ENBIS-16 in Sheffield11 – 15 September 2016; Sheffield Abstract submission: 20 March – 4 July 2016
Post-Conference Workshop on "Sensitivity Analysis for Computer Models" by Jeremy Oakley and Mark Strong15 September 2016, 09:00 – 12:30
This half-day ENBIS-16 post-conference workshop will be given by Jeremy Oakley and Mark Strong. It can be booked here.
TARGET GROUP: Users of computer models, and statisticians interested in computer model uncertainty. Participants are assumed to have knowledge of standard probability distributions and basic Monte Carlo methods.
ABSTRACT: Computer models are used in many disciplines for making predictions when conducting physical experiments would be too costly or impractical. Typically, there will be uncertainty as to what values should be used for some of the model inputs, which induces uncertainty in the model output predictions. This course is concerned with methods for investigating how individual uncertain inputs contribute to the output uncertainty, so that model users can determine where to concentrate their resources in reducing input uncertainty. The course will include both theory and practical computational tools, implemented in the software package R. The course will also include an introduction to methods for eliciting probability distributions from experts, for the purposes of quantifying uncertainty about model inputs.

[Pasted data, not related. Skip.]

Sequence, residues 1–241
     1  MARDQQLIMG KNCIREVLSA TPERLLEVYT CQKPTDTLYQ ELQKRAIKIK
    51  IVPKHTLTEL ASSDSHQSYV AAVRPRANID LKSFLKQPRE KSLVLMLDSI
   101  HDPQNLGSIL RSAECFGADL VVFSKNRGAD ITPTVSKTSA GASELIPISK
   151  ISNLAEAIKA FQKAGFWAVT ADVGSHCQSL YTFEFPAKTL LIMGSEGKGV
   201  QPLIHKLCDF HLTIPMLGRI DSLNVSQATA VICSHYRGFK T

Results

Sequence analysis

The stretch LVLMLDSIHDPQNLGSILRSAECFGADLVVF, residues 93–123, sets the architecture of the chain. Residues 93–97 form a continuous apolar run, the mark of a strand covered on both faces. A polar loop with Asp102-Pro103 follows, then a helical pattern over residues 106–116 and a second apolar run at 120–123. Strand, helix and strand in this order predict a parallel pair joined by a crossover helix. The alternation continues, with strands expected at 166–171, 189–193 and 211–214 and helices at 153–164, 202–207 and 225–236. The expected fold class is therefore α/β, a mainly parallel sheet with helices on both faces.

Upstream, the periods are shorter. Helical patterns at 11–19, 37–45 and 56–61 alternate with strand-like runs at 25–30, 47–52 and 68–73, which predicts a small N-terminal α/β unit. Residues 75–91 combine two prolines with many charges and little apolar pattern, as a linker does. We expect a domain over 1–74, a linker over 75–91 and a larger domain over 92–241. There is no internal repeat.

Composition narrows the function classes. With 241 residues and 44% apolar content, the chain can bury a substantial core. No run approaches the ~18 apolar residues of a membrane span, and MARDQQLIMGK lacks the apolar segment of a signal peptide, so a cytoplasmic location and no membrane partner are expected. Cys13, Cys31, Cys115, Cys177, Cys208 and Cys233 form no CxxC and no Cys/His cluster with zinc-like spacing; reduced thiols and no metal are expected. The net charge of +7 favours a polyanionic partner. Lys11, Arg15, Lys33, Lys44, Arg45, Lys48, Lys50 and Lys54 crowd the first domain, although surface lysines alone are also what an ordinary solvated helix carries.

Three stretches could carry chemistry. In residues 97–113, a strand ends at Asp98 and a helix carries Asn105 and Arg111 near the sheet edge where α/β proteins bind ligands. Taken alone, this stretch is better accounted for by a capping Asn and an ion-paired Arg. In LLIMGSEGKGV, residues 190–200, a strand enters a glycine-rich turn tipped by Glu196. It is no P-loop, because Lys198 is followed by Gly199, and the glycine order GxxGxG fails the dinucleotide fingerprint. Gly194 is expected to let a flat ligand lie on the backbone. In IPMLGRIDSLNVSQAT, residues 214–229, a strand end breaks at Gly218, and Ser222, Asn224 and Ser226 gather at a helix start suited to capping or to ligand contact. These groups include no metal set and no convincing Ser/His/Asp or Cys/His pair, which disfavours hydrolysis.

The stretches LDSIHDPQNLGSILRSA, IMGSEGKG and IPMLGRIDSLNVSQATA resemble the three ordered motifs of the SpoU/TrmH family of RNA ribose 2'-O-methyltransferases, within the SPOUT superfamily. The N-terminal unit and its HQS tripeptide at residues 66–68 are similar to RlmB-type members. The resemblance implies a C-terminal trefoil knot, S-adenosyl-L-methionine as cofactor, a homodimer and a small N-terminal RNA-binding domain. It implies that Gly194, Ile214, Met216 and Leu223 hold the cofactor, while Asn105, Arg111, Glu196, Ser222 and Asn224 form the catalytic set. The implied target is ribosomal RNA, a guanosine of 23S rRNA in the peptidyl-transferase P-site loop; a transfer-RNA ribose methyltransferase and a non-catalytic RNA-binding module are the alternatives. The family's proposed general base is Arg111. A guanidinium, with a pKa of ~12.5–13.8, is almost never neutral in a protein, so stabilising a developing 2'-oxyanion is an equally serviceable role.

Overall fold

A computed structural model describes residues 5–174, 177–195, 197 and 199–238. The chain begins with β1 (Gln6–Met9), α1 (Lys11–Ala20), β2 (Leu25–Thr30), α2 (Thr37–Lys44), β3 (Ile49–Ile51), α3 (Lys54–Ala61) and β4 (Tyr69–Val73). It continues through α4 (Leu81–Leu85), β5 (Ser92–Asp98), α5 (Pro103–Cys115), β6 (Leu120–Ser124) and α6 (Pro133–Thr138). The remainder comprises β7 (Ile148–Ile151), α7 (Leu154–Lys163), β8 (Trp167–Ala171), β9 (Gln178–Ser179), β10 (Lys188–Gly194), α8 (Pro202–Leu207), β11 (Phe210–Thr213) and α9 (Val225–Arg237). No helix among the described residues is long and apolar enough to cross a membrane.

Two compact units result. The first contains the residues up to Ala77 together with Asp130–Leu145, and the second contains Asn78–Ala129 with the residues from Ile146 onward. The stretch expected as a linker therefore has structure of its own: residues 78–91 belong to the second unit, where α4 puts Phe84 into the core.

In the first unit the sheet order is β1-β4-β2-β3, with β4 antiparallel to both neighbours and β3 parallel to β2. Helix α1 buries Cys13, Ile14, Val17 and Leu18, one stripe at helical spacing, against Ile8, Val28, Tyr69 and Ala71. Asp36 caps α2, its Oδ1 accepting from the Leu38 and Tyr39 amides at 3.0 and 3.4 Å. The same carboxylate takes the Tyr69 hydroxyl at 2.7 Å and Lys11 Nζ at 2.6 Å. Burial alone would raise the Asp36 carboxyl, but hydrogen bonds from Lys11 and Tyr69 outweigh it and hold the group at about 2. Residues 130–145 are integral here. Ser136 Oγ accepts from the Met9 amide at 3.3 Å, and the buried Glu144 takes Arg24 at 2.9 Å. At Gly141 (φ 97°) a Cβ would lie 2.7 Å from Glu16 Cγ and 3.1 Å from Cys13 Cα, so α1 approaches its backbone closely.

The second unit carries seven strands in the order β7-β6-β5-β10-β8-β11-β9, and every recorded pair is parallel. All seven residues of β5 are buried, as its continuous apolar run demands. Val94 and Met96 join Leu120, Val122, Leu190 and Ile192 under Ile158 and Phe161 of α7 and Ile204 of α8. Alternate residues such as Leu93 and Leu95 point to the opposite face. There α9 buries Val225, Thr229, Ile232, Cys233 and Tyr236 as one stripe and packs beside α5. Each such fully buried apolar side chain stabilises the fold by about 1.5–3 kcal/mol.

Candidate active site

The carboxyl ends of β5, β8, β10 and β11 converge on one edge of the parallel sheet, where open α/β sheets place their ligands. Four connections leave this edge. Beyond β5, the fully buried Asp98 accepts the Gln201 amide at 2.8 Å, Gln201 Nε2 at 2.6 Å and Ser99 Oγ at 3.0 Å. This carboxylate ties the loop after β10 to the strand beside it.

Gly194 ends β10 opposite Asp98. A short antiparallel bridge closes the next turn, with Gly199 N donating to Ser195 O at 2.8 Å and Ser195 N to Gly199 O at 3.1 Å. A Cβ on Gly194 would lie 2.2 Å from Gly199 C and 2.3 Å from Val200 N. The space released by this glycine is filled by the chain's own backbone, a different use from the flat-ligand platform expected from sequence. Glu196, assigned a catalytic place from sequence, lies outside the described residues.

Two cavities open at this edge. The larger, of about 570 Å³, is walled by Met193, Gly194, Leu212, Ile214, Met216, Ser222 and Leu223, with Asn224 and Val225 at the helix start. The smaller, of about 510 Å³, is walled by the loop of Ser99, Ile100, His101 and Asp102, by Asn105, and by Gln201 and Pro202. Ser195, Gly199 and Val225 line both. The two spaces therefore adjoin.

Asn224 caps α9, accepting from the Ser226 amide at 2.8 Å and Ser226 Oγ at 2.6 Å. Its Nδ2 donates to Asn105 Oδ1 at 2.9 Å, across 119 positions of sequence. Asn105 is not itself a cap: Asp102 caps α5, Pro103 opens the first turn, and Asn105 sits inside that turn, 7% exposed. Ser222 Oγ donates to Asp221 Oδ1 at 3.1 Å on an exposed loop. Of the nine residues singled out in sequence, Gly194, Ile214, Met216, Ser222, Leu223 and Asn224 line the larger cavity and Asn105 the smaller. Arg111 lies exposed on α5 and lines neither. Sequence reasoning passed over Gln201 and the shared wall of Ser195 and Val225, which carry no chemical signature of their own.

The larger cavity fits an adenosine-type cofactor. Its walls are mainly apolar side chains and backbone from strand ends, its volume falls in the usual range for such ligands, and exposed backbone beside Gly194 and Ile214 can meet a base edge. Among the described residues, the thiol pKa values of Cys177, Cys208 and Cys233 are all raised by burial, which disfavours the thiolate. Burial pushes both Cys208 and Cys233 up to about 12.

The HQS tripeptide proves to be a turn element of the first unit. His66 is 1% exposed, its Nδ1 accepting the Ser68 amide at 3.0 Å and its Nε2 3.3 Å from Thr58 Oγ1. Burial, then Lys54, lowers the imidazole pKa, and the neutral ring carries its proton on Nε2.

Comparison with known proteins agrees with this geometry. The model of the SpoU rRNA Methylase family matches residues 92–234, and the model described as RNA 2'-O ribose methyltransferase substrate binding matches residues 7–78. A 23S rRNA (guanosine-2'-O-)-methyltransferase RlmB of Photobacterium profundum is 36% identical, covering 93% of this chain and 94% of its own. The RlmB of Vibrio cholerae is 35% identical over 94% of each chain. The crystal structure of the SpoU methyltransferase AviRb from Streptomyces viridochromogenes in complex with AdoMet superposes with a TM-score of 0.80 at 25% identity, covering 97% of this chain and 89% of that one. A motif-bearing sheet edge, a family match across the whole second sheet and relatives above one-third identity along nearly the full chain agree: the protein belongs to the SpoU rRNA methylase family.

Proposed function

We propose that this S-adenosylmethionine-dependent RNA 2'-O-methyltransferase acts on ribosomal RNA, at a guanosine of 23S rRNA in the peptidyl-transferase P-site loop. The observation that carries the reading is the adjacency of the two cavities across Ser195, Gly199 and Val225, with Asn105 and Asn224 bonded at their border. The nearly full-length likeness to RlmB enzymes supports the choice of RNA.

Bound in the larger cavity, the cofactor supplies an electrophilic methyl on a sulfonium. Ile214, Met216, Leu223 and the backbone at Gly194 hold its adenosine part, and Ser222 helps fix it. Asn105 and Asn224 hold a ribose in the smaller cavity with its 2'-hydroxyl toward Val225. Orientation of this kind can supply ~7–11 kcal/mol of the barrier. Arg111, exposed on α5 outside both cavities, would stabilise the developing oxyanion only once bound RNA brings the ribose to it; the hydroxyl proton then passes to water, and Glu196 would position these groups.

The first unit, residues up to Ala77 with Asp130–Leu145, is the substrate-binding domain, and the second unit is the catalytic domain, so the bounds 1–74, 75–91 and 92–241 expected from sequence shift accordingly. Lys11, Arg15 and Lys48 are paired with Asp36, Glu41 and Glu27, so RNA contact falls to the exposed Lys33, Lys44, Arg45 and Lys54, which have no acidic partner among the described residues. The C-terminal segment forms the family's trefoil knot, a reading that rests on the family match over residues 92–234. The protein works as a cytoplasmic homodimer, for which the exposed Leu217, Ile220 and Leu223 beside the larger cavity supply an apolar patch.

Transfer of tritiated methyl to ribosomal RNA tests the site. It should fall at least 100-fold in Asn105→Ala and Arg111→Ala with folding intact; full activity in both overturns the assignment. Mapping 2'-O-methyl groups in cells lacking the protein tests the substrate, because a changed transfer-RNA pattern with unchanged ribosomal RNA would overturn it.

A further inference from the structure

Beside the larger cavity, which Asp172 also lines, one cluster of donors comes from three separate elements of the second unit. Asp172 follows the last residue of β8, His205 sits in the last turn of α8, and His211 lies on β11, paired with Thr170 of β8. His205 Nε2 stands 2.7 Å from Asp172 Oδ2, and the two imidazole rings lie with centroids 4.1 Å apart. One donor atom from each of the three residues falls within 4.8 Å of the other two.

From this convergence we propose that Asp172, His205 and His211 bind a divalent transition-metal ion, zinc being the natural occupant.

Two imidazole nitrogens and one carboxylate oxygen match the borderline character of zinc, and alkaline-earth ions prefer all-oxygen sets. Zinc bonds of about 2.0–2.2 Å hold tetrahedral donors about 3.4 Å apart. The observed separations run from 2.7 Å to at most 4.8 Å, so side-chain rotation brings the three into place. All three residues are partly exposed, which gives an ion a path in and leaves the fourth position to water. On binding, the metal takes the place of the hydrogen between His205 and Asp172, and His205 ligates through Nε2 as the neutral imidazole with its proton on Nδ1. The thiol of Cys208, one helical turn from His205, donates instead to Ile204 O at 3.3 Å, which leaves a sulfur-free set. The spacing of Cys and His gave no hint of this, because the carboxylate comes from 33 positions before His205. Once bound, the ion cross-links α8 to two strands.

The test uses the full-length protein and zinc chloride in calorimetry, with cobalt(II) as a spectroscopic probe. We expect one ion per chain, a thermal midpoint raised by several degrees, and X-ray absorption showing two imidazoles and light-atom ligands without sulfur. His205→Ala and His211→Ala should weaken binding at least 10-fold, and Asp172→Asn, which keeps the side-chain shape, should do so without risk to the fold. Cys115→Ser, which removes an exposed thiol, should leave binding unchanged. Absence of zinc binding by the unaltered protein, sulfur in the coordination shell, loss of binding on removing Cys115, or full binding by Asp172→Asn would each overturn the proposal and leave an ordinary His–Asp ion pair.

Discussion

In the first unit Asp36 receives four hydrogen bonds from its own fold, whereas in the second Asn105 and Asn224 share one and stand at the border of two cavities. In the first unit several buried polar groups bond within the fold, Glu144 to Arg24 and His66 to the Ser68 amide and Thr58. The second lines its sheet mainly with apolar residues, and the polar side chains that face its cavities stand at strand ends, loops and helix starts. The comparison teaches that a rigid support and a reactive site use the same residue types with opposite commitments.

OUTLINE: The course will involve a mixture of lectures and computer practicals. Proposed timetable is 9am-10.30am. Sensitivity analysis theory
10.30am-11am. Eliciting prior distributions from experts
11am-12.30pm. Computational methods
TEACHING OBJECTIVES & LEARNING OUTCOMES:
- To understand how to quantify input importance using variance-based and decision-theoretic measures.
- To be able to calculate the measures in (1) for computationally cheap computer models, using R.
- To be able to elicit a univariate probability distribution from an expert.